What does Judges 8:21 mean?
ESV: Then Zebah and Zalmunna said, “Rise yourself and fall upon us, for as the man is, so is his strength.” And Gideon arose and killed Zebah and Zalmunna, and he took the crescent ornaments that were on the necks of their camels.
NIV: Zebah and Zalmunna said, 'Come, do it yourself. 'As is the man, so is his strength.'' So Gideon stepped forward and killed them, and took the ornaments off their camels' necks.
NASB: Then Zebah and Zalmunna said, 'Rise up yourself, and attack us; for as the man, so is his strength.' So Gideon arose and killed Zebah and Zalmunna, and took the crescent amulets which were on their camels’ necks.
CSB: Zebah and Zalmunna said, "Get up and strike us down yourself, for a man is judged by his strength." So Gideon got up, killed Zebah and Zalmunna, and took the crescent ornaments that were on the necks of their camels.
NLT: Then Zebah and Zalmunna said to Gideon, 'Be a man! Kill us yourself!' So Gideon killed them both and took the royal ornaments from the necks of their camels.
KJV: Then Zebah and Zalmunna said, Rise thou, and fall upon us: for as the man is, so is his strength. And Gideon arose, and slew Zebah and Zalmunna, and took away the ornaments that were on their camels' necks.
NKJV: So Zebah and Zalmunna said, “Rise yourself, and kill us; for as a man is, so is his strength.” So Gideon arose and killed Zebah and Zalmunna, and took the crescent ornaments that were on their camels’ necks.
Verse Commentary:
Are Zebah and Zalmunna taunting Gideon or flattering him? Commentators differ. The captured enemy kings (Judges 8:12–13) are daring Gideon to kill them himself (Judges 8:20). They quote a proverb about strength and manhood—a defiant provocation from condemned men with nothing to lose. This mirrors the bravado seen in modern action movies, novels, and comic books: the gritty soldier telling his executioner, "Just kill us yourself…if you're man enough!"

Another explanation is that the Midianite kings would prefer being killed by a great warrior, like Gideon. Part of the shame of Sisera's death was being killed by a woman (Judges 4:22; 5:26). To die at the hands of an accomplished warrior, at least, presents a respectable image. Yet another facet might be avoiding a messier, more painful death. Gideon's frightened son, Jether, clearly isn't experienced with a sword. Gideon is much more likely to deliver a decisive, clean blow than a terrified novice.

Whatever their motive, or combination of motives, the two men get their last wish. Gideon kills them and ends the ordeal. Then he takes crescent ornaments from the kings' camels. Scholars suggest these were representations of the moon god, worshipped by many pagan peoples during this time. The crescents may also have indicated the royal positions of the kings. We're not told what Gideon does with these objects, other than adding them to the rest of his spoil from the battles.
Verse Context:
Judges 8:1–21 begins with a confrontation between Gideon and the men of Ephraim. Gideon defuses the situation with diplomacy. With his original 300 fighters, he chases down the remnant of the Midianite army led by two kings known as Zebah and Zalmunna. Once the Midianites are defeated and the kings are captured, Gideon punishes the men of two Israelite towns who refused to help him. He then reveals to the captured kings that they murdered his own brothers at Mount Tabor. He kills them and takes their distinctive jewelry as spoils of war.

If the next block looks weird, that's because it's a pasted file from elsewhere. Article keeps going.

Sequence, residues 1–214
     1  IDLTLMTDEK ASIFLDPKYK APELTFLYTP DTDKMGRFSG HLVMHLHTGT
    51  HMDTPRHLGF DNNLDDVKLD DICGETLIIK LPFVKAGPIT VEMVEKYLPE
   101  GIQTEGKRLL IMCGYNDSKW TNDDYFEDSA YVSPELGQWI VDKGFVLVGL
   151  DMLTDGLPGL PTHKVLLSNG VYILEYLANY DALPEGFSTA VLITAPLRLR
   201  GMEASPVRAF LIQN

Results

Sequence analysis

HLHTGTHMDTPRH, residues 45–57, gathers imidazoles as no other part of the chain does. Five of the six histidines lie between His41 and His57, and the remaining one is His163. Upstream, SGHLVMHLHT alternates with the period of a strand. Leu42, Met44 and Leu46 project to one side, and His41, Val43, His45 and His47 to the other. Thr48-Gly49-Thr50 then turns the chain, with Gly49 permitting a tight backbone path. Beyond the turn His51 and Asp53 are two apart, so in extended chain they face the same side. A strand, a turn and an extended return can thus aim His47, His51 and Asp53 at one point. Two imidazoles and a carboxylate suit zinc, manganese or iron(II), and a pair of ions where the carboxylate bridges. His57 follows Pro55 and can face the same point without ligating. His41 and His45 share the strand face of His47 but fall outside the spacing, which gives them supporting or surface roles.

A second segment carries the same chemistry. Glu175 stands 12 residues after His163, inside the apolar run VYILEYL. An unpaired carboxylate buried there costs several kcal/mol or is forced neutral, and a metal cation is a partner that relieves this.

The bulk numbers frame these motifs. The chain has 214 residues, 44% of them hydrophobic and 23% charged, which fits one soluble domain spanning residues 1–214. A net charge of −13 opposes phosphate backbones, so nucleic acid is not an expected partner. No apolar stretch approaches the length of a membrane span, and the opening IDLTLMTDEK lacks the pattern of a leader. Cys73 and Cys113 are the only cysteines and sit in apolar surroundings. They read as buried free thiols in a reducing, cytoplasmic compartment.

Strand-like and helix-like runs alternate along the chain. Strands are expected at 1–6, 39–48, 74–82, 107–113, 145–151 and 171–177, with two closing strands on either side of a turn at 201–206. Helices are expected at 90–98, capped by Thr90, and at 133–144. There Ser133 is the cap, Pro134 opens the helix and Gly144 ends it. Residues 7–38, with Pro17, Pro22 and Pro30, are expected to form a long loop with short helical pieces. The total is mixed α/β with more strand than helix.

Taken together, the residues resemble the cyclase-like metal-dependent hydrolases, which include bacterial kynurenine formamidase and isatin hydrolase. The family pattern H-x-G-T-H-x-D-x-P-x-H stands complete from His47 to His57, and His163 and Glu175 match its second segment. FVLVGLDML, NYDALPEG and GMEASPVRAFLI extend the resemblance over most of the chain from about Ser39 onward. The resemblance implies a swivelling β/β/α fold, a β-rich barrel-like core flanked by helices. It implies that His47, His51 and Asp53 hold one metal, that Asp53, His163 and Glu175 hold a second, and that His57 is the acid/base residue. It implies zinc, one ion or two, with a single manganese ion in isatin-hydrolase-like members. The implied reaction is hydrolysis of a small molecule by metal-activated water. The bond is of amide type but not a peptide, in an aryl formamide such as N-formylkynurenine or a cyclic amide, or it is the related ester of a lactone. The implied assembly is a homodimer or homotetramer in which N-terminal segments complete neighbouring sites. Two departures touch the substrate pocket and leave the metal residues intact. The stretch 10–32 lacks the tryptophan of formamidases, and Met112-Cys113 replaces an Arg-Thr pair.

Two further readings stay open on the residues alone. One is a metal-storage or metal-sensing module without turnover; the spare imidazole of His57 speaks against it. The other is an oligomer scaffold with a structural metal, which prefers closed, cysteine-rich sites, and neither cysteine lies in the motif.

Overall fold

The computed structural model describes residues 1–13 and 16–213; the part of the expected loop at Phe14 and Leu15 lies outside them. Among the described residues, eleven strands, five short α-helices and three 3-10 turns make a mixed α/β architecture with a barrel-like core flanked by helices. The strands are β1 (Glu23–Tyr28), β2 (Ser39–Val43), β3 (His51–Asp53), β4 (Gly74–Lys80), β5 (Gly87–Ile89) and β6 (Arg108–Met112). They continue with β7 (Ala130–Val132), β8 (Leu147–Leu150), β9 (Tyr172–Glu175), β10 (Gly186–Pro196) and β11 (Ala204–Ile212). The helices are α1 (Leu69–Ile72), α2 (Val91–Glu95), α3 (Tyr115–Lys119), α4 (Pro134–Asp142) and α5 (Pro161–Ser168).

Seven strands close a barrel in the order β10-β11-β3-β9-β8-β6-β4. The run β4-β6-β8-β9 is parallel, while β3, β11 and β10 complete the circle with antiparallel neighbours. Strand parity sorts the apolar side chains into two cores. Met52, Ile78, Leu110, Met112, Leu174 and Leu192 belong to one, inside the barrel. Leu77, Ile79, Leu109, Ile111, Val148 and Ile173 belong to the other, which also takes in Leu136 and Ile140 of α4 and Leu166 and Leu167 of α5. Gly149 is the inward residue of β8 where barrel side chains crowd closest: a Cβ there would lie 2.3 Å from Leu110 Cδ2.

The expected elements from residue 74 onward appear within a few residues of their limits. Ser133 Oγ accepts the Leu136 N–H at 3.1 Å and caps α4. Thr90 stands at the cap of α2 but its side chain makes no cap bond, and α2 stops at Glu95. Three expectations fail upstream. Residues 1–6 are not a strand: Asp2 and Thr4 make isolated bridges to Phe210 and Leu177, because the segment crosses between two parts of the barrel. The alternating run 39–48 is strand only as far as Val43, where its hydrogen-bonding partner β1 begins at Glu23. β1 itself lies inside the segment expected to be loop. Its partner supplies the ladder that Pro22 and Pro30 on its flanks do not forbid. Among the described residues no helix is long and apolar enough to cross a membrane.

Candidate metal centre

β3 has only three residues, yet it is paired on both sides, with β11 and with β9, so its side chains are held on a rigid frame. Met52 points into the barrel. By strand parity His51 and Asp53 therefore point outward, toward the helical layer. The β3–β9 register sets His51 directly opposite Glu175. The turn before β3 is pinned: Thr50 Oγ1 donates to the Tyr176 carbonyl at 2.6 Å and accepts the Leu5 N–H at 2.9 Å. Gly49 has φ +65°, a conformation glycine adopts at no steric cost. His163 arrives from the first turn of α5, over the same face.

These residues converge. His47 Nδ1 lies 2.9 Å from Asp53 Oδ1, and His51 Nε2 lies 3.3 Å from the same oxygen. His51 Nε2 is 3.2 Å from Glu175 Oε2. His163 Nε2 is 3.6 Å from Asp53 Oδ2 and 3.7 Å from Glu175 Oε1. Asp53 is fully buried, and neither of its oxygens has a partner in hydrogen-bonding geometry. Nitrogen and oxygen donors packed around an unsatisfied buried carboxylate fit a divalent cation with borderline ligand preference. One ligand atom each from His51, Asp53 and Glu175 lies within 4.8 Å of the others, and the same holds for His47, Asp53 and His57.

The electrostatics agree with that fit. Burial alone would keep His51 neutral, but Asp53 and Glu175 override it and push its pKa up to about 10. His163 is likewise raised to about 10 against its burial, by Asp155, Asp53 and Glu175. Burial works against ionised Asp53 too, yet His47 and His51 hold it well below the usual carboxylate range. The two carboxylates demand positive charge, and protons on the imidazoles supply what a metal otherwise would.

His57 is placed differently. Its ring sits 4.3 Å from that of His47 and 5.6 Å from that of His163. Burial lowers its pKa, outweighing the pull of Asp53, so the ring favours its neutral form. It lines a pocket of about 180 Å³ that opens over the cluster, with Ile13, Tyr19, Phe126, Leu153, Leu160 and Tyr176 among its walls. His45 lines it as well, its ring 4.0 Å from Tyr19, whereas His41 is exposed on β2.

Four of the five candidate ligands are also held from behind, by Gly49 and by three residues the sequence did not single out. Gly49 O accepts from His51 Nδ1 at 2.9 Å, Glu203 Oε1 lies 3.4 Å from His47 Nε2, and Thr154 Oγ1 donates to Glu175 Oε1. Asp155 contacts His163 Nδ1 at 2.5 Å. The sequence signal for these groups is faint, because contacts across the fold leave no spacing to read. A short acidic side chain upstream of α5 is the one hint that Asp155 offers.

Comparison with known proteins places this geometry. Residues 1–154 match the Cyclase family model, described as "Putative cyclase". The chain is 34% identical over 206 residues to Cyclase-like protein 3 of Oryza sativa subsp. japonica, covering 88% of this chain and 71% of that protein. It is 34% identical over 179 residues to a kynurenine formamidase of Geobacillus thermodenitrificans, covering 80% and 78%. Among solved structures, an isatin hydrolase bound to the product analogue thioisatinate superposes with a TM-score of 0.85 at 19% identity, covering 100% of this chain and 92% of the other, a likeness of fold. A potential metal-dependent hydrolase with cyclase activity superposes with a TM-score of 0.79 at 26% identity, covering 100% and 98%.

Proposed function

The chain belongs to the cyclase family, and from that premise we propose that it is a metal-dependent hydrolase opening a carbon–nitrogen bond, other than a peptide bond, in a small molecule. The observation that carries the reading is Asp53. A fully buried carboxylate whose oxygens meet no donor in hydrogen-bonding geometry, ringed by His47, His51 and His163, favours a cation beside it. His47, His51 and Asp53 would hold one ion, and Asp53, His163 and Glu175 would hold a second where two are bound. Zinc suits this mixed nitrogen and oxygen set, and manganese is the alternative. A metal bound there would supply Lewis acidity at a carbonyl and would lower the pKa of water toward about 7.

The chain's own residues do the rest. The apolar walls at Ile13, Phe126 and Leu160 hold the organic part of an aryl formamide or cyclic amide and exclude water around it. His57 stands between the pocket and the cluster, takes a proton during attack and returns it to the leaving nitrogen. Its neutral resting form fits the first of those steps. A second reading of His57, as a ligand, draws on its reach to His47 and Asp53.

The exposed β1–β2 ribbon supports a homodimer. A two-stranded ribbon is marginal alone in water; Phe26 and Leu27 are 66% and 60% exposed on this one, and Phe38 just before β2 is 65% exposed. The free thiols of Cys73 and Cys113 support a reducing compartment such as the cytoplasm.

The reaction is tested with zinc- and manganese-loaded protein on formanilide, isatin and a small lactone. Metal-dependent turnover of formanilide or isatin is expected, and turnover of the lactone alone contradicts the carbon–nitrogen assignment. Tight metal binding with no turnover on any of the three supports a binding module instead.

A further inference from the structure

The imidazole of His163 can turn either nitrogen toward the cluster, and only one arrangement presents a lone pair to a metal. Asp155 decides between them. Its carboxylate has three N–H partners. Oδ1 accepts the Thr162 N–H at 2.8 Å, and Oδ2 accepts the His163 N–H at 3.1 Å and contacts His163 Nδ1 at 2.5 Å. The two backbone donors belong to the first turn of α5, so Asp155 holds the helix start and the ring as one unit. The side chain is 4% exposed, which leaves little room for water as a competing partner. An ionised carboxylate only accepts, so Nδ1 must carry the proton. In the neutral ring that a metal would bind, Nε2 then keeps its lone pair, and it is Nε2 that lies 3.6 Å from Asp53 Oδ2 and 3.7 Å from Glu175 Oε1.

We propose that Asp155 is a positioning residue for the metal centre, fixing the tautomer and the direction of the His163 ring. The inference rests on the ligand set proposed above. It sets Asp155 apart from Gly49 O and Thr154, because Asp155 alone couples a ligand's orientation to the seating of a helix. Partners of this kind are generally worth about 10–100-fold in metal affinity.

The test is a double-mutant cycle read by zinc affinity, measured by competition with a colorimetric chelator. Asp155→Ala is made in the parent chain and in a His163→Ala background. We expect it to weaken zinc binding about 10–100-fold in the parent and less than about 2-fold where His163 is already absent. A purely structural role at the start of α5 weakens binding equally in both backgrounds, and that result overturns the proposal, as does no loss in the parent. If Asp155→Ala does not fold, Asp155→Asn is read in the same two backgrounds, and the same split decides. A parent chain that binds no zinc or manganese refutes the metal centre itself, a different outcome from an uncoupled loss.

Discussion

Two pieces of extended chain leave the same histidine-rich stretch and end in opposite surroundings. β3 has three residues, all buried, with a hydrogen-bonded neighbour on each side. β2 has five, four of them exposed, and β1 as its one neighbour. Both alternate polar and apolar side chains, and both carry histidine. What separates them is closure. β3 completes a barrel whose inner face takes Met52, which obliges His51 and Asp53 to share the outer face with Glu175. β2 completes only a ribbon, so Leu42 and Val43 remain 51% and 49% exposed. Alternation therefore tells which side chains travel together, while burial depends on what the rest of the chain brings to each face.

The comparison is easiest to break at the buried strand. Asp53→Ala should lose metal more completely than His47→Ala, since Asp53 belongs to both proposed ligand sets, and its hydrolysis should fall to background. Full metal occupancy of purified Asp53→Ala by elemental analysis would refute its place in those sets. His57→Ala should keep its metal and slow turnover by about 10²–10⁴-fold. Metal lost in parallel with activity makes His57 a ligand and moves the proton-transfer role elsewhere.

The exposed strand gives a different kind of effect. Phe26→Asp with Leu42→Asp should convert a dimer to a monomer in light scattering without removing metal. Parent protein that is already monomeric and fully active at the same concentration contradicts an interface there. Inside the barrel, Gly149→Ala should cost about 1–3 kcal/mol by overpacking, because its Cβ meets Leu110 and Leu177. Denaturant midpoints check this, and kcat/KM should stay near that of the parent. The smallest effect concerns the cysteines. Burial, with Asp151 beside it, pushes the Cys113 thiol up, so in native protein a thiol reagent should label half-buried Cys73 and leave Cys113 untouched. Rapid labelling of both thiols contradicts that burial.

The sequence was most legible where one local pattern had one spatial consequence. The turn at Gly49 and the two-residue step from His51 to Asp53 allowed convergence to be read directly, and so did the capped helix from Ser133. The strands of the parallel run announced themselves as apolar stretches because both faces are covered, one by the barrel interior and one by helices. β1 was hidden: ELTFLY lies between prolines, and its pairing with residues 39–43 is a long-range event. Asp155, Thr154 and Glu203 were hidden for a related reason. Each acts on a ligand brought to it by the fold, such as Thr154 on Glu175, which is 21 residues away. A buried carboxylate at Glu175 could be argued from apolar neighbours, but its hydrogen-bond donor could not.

Chapter Summary:
Gideon soothes the anger of the men of Ephraim. Then, with his 300 fighting men, he chases the remnant of the Midianite army. After a difficult pursuit, he finally catches and defeats them in the wilderness. Gideon then returns to two Israelite towns who refused to help him along the way. He flogs the leaders of one town and kills the men of the other. He then executes the captured enemy kings. Gideon collects tribute from Israel but declines to become their official king. He lives to gain seventy sons, many wives, and at least one Canaanite concubine. When Gideon dies, Israel immediately returns to idol worship.
Chapter Context:
Judges 8 follows the great victory described at the end of the previous chapter. This passage begins with Gideon awkwardly soothing the anger of Ephraimites while trying to chase down an escaping enemy. After capturing the Midianite kings, Gideon punishes two towns for failing to aid their fellow Israelites. Gideon refuses to become a literal king but collects tribute from the people and lives like a king all his days, with many wives and sons. The people return to idol worship after his death. Soon after, the concubine's son, Abimelech, murders Gideon's other sons and briefly rules before meeting a gruesome death.
Book Summary:
The Book of Judges describes Israel's history from the death of Joshua to shortly before Israel's first king, Saul. Israel fails to complete God's command to purge the wicked Canaanites from the land (Deuteronomy 7:1–5; 9:4). This results in a centuries-long cycle where Israel falls into sin and is oppressed by local enemies. After each oppression, God sends a civil-military leader, labeled using a Hebrew word loosely translated into English as "judge." These appointed rescuers would free Israel from enemy control and govern for a certain time. After each judge's death, the cycle of sin and oppression begins again. This continues until the people of Israel choose a king, during the ministry of the prophet-and-judge Samuel (1 Samuel 1—7).
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